Results
A total of 450 patients were included. Twenty-eight percent of patients had private insurance, 43% had Medicare, and 29% had an indigent care plan. The likelihood of receiving “standard” therapy was significantly associated with insurance type [indigent plan versus private insurance OR 0.13 (95% CI 0.04-0.43) for stage I-II; OR 0.38 (95% CI 0.14-1.00) for stage III]. For patients with stage I-II NSCLC, survival was associated with age, gender, insurance type (indigent plan versus private insurance HR 1.98; 95% CI 1.16-3.37), stage, and treatment selection. In stage III NSCLC, survival was associated with treatment selection.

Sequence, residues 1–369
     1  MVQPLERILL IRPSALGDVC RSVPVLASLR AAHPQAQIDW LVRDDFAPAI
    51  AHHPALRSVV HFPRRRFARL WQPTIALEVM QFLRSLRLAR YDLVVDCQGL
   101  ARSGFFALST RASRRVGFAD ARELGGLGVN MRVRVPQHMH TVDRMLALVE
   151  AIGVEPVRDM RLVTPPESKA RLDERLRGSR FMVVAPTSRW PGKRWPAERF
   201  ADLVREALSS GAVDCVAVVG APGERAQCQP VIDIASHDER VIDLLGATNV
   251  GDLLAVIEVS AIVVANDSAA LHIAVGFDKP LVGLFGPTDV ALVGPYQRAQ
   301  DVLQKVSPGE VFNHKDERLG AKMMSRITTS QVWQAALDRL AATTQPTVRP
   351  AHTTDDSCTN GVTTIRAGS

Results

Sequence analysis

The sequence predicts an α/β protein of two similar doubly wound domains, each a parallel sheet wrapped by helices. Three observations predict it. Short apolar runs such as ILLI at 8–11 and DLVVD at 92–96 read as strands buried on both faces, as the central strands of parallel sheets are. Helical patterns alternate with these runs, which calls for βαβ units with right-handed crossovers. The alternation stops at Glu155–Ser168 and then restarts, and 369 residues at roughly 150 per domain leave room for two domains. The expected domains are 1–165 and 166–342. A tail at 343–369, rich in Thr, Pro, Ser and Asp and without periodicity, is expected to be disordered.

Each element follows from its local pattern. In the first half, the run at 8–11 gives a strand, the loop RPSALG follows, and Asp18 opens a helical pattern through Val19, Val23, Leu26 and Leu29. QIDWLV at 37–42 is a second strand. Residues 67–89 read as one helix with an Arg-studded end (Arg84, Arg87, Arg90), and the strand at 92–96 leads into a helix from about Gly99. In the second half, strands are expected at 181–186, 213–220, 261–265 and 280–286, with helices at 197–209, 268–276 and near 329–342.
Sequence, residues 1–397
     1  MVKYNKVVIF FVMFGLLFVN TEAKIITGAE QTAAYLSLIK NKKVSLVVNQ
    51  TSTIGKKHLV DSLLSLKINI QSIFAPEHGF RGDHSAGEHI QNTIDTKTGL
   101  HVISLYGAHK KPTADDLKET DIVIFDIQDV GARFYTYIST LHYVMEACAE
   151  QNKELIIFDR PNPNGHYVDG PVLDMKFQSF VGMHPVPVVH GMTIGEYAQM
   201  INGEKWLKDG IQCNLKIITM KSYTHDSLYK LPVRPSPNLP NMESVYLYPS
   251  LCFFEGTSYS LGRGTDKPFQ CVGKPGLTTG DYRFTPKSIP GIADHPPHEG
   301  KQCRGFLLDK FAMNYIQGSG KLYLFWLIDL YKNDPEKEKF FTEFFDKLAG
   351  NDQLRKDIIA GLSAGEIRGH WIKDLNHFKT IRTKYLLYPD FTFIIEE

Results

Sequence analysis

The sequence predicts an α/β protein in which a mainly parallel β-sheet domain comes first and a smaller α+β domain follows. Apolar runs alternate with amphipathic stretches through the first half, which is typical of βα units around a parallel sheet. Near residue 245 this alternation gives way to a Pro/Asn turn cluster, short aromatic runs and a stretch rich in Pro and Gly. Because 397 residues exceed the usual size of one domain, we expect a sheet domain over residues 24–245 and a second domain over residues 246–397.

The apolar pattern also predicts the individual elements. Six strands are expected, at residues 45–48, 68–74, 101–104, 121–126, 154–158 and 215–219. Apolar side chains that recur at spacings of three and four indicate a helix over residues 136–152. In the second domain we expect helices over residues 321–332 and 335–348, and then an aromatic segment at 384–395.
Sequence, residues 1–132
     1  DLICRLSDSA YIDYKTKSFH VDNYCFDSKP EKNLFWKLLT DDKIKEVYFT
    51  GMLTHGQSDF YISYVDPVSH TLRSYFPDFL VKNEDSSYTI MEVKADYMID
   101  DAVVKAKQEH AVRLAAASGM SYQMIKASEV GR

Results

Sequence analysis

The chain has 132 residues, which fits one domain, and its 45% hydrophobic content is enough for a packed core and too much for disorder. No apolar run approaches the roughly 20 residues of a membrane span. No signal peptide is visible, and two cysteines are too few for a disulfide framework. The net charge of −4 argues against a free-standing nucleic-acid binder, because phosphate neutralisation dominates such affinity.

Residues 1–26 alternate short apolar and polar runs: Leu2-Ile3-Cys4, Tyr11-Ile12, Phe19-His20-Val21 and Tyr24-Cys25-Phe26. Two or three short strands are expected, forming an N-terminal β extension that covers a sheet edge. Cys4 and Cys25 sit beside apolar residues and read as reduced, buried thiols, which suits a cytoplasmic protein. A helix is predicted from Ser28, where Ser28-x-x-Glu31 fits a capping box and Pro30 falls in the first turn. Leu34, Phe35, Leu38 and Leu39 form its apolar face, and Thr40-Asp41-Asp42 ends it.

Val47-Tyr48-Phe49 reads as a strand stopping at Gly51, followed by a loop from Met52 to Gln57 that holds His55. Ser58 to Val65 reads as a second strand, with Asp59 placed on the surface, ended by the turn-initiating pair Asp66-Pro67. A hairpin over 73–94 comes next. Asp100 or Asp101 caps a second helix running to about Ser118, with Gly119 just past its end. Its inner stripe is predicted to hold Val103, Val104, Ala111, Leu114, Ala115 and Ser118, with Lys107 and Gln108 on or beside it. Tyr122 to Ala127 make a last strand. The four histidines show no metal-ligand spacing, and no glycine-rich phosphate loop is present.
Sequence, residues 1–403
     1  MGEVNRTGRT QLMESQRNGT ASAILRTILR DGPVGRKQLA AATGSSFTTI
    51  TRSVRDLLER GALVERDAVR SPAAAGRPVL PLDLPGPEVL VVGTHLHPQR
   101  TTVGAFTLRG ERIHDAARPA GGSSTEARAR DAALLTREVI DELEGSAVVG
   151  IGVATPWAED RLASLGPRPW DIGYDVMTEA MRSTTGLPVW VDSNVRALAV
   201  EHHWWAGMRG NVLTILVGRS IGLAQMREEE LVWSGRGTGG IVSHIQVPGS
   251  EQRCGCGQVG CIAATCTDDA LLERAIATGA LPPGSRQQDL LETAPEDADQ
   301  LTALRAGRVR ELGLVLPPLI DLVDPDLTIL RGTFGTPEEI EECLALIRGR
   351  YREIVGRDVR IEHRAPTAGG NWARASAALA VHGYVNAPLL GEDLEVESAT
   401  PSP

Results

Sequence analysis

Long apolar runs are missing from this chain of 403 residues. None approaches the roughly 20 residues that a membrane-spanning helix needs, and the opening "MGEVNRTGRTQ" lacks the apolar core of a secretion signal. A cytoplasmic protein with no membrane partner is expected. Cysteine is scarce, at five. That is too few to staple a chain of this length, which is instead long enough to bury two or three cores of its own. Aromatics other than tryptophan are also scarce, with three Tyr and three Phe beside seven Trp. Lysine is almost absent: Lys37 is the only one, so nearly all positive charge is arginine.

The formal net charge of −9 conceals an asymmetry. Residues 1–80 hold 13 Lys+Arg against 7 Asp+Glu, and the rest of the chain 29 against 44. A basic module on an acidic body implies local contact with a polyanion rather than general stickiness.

Conclusion
Within a single academic medical center, socioeconomically disadvantaged patients with stage I-III NSCLC are less likely to receive “standard” therapy. Socioeconomically disadvantaged patients with stage I-II NSCLC have inferior survival independent of therapy.
Keywords: Surgery, radiation therapy, chemotherapy, underserved, minorities, socioeconomic disparities
Disparities characterize all aspects of health care, from prevention, risk factors and presentation,(1-4) to treatment(5-8) and outcomes.(5, 9-10) Lung cancer provides an excellent opportunity to explore such patterns. Lung cancer affects both genders, all races, and all socioeconomic classes. There are a variety of treatment options. Due to the lethality of lung cancer, patient survival often reflects the behavior of the underlying disease.